A whale of a time

Local shares knowledge of marine mammals in CMC course

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— People who experience a close encounter with a whale often come away feeling as if they've communicated with the giant mammals, Mike Braal said. "Imagine being on a boat and having six of them swim right underneath bow," Braal said. "After 18 years of doing it, it's still a thrill. They're an unbelievable presence and they're intelligent."

Braal will teach a six week course on the marine mammals of southeast Alaska at Colorado Mountain College beginning this week. He is not a marine biologist, but he has acquired immense knowledge about the natural history of the warm-blooded creatures that make a living in the cold waters near Glacier Bay. Braals' knowledge of the animals comes from leaving Steamboat springs each summer for Alaska, where he has spent almost two decades working as a fishing, river rafting and eco-tour guide.

"I've made the acquaintance of a number of biologists working near Glacier Bay," Braal said. "When they would show up at the dock after three or four days in the field, I would gravitate to them to ask questions. Many have become friends over the years."

In talking with the biologists, Braal says he's gained a deeper understanding of the interdependency among the different species, both warm- and cold-blooded.

"A part of the class will be devoted to looking at the whole environment," Braal said.

Rockfish are a prime example of how different marine creatures depend on each other, Braal said. Rockfish are favorite food of Steller sea lions. The population of these bottom-dwelling fish has been dramatically reduced by commercial fishing. Consequently, the sea lions have become less common.

"The lions are the prize food of the Orcas (killer whales)," Braal said. "When the lions took off, the Orcas started eating sea otters. Of course, compared to a big juicy sea lion, otters are just a little ball of fur," offering relatively less nutrition.

The sea otters themselves are an interesting story. After being over-hunted 150 years ago, the otters have been reintroduced only within the last 35 years, Braal said. Native Americans are allowed to harvest some otters for clothing, but their only natural predators are the Orcas and sharks. Today, they are thriving on a steady diet of crabs and clams, and they are prodigious eaters.

"I once anchored my boat in a bay to ride out a storm and watched an otter eat nine crabs in 45 minutes," Braal said with a chuckle. "They have a really high metabolism. They don't have any body fat, but they have exceptionally dense coats."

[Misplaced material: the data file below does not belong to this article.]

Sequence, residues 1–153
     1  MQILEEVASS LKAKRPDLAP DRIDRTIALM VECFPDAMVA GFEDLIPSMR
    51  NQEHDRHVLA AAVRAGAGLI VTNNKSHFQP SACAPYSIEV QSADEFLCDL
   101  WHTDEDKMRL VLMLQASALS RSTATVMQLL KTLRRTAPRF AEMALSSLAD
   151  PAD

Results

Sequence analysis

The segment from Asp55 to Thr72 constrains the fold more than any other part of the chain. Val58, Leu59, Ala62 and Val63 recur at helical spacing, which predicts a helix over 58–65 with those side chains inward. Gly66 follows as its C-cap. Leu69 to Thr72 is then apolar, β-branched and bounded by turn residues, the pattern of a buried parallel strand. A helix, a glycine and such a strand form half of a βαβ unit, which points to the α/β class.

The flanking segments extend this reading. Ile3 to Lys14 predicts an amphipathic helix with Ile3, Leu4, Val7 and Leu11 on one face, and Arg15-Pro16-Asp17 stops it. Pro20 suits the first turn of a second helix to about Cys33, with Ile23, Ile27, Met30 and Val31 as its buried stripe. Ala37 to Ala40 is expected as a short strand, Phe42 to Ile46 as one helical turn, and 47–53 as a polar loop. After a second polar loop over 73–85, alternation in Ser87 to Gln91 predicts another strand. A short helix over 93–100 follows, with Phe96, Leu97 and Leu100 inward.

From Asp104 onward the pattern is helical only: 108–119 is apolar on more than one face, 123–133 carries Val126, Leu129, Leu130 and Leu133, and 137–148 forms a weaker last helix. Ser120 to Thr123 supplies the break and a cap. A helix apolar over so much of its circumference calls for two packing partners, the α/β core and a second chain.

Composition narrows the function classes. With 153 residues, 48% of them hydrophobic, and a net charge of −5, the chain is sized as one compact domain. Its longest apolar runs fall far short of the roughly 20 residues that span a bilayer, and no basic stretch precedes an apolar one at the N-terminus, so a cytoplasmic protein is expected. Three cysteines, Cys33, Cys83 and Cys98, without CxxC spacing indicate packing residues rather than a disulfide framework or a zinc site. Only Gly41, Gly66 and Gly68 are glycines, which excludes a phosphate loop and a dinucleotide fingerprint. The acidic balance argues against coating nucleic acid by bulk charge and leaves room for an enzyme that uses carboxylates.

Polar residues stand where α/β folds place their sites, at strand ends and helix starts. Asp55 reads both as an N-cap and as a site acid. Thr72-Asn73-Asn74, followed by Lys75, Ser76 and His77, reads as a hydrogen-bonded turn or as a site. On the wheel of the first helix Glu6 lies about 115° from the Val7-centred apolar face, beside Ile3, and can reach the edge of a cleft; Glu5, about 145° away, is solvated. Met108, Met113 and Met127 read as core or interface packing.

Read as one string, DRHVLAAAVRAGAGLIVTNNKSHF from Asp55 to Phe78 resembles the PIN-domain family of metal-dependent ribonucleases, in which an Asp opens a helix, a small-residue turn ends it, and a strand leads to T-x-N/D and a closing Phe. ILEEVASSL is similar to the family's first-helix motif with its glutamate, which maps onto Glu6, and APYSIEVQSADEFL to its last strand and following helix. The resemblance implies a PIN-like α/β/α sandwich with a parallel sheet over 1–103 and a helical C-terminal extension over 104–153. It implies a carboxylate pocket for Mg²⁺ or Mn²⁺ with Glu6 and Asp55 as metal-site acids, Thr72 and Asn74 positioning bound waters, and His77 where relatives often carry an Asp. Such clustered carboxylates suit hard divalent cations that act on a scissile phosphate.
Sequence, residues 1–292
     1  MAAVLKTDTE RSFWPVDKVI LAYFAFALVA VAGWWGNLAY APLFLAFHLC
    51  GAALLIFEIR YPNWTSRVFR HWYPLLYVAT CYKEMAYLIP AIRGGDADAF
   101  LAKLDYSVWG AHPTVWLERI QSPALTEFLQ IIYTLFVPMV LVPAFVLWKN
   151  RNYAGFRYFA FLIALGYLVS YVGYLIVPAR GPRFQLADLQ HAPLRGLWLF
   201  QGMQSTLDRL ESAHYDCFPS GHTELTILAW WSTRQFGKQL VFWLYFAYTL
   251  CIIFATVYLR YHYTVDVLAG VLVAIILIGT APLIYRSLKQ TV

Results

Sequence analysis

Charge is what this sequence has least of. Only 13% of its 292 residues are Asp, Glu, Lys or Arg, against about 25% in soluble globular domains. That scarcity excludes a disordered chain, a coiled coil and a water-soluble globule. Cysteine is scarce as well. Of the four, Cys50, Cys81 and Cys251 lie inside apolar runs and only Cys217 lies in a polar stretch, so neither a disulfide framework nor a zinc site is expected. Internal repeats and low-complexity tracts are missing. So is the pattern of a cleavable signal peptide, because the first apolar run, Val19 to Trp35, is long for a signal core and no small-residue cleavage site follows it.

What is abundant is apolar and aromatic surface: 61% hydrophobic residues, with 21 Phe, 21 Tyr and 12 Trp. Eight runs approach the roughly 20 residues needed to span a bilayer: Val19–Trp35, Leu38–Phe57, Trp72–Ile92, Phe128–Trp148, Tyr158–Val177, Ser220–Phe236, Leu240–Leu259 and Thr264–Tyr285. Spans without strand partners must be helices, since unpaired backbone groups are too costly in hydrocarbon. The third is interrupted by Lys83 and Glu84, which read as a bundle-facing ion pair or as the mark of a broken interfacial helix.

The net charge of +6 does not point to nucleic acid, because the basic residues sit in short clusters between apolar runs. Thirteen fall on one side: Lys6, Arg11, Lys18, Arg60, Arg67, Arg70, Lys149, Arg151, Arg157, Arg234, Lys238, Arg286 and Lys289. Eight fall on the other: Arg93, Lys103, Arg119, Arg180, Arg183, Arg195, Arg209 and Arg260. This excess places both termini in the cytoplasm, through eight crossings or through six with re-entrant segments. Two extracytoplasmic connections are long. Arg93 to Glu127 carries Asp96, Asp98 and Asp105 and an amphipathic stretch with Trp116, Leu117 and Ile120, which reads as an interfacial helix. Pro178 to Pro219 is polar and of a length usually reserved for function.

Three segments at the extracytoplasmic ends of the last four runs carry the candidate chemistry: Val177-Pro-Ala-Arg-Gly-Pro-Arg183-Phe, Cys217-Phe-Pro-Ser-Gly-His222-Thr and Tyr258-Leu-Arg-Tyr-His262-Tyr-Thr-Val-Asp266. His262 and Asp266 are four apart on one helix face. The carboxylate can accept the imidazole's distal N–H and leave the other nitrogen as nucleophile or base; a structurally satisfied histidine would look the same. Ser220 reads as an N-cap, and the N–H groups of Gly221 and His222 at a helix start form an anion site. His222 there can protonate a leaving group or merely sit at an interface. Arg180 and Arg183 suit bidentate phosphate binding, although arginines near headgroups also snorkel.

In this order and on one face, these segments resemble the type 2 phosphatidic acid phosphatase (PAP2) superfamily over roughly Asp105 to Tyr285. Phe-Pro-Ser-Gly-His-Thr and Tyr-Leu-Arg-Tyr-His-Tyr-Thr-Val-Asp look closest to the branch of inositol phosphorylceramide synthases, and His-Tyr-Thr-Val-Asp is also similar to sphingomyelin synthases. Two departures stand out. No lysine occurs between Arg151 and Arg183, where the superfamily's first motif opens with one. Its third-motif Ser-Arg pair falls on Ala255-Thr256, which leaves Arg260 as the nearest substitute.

The water temperatures in Glacier Bay range from the high 30s close to the glaciers themselves, up to the mid-50s further out.

Despite the constant need to eat, otters are anything but slovenly.

"They are quite fastidious eaters," Braal said, "and they keep the table clean."

In the case of sea otters, the dining table is their own belly -- they feast on crabs while floating on their backs.

"They always eat the claws of the crab first, then they eat the insides. But between courses they hold the food against their stomachs with their paws and roll in the water to clean themselves off. The last thing they do is lick the inside of the shell perfectly clean."

Braal is equally knowledgeable about the gray and humpback whales that summer near Glacier Bay. He said he has observed them growing more accustomed to human presence in the last decade.

The humpbacks typically are not as eager to interact with humans off the coast of Alaska as they are when they are on the winter calving grounds near Maui, Braal said. That's because after a winter without food in the warm waters of the south Pacific, the humpbacks are intent on feeding while in Alaskan waters. Consequently, they haven't been as tolerant of humans in close proximity.

Some of that reserve the whales show in summer has been easing, Braal said.

Along with informal lectures, Braal will present videos on marine mammals during his course. Among the topics he will deal with during the course are: species evolution, historical and present day human impacts, migration, breeding habits, diet, life cycles and the overall health of the animals' environment.

Braal leads natural history trips to the coastal waters of Alaska on his own vessel. His company, Whale Bay Charters, can be reached at 879-6544.

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